Sberbank, the largest bank in Russia with a regional and global presence, has reportedly suffered a major data breach. Personal information belonging to millions of clients is now being sold on the black market. Initial analyses suggest the trove of data for sale is real, highlighting the risks associated with traditional banking.
Personal Information Put Up for Sale
The leak at Sberbank, a leading financial services provider with offices in 21 countries including other CIS members, the U.S., U.K., Central and Eastern Europe, may be the largest to date in the history of the Russian banking sector. The blow against its reputation comes after the industry experienced a similar attack earlier this year in which three other Russian banks were targeted.
The unknown new owners of the database claim it contains details for 60 million credit cards and are now selling the information online. An ad appeared this past weekend on a forum banned by the federal telecom watchdog, Roskomnadzor. Kommersant, the leading Russian business daily which broke the news, quotes digital security experts who believe the information is real, although not all of it may be current.
Potential buyers of the data lot have been offered a sample of entries. According to the publication, whose authors have examined the set, it contains the data of 200 clients from different Russian cities, served by Sberbank’s Ural branch. The tables provide the details of the account holders, their bank cards and associated transactions.
The date stated on the document is Aug. 4, 2019, possibly the day the leak took place. Sberbank confirmed the “possible leak” and revealed an internal investigation has been launched. “In the evening of Oct. 2, 2019, Sberbank became aware of a possible leak of credit card accounts, which affects at least 200 customers of the bank,” reads a press release published on its website the same day.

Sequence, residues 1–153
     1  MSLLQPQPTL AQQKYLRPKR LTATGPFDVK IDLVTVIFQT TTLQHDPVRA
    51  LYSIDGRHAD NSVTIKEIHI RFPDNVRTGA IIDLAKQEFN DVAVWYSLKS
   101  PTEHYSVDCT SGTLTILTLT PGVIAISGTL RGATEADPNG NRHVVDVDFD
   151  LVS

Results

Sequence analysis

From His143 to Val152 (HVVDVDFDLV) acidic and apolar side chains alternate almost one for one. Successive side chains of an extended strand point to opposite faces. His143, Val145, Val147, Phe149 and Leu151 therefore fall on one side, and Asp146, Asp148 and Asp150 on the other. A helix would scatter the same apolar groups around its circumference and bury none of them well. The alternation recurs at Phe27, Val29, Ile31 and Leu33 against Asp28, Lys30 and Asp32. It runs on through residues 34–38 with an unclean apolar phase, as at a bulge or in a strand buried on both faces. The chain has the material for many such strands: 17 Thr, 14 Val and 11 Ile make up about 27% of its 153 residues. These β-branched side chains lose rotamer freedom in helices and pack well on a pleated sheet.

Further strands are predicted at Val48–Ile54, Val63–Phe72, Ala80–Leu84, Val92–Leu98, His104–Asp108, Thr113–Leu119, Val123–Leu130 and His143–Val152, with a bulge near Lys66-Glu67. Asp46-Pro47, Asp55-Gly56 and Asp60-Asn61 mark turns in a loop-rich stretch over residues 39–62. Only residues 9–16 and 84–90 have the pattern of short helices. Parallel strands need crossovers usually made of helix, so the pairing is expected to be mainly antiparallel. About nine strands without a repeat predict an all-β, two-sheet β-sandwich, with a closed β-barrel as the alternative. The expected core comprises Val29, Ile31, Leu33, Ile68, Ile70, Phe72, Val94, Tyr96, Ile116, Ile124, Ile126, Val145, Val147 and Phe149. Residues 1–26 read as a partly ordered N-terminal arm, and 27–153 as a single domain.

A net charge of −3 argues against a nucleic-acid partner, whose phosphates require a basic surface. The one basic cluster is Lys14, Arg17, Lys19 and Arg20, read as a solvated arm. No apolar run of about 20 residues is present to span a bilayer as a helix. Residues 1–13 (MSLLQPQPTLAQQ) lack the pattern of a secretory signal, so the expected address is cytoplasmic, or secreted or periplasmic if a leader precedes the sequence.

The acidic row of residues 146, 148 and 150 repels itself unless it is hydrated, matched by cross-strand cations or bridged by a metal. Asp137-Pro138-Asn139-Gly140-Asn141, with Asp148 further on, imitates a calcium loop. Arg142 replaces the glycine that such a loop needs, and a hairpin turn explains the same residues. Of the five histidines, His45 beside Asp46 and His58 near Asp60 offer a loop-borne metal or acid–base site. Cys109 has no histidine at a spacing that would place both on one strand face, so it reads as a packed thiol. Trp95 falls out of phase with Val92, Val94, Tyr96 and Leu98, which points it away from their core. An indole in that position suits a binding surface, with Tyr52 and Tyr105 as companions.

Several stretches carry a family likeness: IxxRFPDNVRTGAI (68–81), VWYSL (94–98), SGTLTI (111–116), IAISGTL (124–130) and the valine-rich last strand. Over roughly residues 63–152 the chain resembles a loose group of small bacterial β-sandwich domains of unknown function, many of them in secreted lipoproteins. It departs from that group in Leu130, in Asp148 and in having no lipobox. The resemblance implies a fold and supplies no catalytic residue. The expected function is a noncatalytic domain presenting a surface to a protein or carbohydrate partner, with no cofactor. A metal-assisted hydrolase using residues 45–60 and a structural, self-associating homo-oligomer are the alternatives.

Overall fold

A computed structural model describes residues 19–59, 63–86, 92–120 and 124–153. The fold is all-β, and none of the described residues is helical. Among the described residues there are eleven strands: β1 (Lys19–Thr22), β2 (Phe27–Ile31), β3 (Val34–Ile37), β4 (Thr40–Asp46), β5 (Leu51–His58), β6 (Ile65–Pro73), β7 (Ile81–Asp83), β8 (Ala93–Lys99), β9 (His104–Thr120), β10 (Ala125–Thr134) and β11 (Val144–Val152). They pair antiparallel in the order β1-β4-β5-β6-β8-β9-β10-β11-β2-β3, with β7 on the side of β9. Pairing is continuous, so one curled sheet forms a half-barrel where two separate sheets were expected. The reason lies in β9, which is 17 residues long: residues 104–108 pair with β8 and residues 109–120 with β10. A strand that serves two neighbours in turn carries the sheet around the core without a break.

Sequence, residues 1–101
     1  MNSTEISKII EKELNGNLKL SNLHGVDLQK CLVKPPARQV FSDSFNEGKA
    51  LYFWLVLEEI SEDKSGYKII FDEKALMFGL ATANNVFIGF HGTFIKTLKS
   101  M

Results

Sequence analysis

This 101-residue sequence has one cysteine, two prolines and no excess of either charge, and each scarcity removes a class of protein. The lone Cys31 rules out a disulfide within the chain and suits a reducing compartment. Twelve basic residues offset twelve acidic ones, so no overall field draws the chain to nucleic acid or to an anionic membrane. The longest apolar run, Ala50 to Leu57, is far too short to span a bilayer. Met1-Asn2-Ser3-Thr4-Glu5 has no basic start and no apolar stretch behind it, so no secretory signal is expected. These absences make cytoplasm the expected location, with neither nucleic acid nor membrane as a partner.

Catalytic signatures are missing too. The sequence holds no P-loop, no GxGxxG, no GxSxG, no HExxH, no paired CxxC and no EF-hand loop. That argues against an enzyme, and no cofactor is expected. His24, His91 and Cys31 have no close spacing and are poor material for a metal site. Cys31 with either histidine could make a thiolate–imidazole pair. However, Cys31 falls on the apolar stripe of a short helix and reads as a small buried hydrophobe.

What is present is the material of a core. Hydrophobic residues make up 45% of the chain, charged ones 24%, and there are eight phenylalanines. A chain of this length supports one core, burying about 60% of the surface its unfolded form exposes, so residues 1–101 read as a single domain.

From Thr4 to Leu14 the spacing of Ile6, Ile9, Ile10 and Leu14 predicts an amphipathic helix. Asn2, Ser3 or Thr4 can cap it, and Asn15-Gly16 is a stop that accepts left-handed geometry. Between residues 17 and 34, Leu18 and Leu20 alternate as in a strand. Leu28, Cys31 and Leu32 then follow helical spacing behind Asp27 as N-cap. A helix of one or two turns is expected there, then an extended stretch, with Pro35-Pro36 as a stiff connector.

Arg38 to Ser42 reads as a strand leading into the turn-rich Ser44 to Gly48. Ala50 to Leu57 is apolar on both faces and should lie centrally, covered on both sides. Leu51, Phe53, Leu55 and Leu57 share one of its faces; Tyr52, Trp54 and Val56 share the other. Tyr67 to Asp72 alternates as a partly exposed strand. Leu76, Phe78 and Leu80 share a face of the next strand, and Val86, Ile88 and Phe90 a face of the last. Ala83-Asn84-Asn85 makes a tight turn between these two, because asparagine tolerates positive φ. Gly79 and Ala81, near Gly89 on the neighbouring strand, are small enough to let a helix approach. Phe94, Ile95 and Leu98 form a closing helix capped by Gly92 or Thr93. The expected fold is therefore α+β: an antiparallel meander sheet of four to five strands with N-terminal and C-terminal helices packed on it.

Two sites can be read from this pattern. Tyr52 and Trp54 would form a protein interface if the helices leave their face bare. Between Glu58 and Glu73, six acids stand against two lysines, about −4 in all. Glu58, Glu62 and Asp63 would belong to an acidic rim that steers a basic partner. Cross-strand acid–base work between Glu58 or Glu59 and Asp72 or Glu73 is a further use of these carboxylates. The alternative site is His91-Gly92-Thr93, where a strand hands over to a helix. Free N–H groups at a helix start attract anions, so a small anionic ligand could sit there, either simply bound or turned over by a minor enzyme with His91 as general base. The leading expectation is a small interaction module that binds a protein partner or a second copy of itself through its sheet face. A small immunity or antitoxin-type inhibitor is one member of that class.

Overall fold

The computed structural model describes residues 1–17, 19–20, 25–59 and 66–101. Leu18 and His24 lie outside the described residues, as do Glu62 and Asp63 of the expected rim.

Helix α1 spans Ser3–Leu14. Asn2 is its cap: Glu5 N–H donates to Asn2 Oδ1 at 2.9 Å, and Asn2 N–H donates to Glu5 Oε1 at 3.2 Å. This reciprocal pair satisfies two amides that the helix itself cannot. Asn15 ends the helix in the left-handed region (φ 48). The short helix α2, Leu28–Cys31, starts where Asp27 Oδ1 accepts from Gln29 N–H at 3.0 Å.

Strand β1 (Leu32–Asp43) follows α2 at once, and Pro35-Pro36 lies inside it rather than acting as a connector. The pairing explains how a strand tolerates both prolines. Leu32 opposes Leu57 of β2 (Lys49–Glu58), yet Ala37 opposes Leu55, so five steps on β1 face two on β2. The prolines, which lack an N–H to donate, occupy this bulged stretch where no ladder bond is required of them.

The bank has not been able to identify any external cyberattacks and the main initial assumption, “deliberate criminal actions of an employee” with administrative rights, was later confirmed by its investigation. A 28-year-old employee has been implicated in leaking the clients’ data, Vedomosti reported on October 5.
In a Facebook message published on October 3, the institution pointed out that “The funds in the credit cards of all our customers, including those whose data has been leaked to the Internet, are safe. Accounting records of credit cards do not enable fraudsters to steal anything: they contain no CVV codes, logins or passwords for online banking. Besides, the bank’s anti-fraud systems prevent fraudulent operations on a regular basis.”
Leaked Data Is Real, Independent Checks Confirm
Ashot Oganesyan, founder of data leak prevention software provider Devicelock, claims his company has analyzed the released sample and been able to confirm it contains the personal data of real people. Trying to establish the truth for themselves, Kommersant journalists have attempted to find their own info in the database and the sellers provided them with the details of their own credit cards, including information about former employers.
According to their website, Sberbank now provides services to over 150 million clients worldwide. In Russia alone, the bank has around 92 million active retail customers and over 2.4 million corporate clients. The number of Sberbank’s active credit cards in the country is currently around 18 million. The database that’s on sale has been divided into 11 sets which corresponds to the number of the bank’s territorial branches.
Sberbank’s clients are only the latest victims of bank information theft in the Russian Federation. This past summer, 900,000 customers of OTP Bank, Alpha Bank, and HCF Bank had their names, phone numbers, passport details and employment information exposed. Among them were the personal details of 500 police officers and even 40 agents of the Federal Security Service (FSB).
Cases such as these, which are not an isolated Eastern European phenomenon, demonstrate the risks associated with the widely adopted banking sector practice of collecting detailed personal information, also known as know-your-customer (KYC) procedures. The data is usually stored in a centralized manner that increases its vulnerability to attacks targeting a bank’s systems.
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What are your thoughts about the latest major credit card breach? Share your opinion on the subject in the comments section below.
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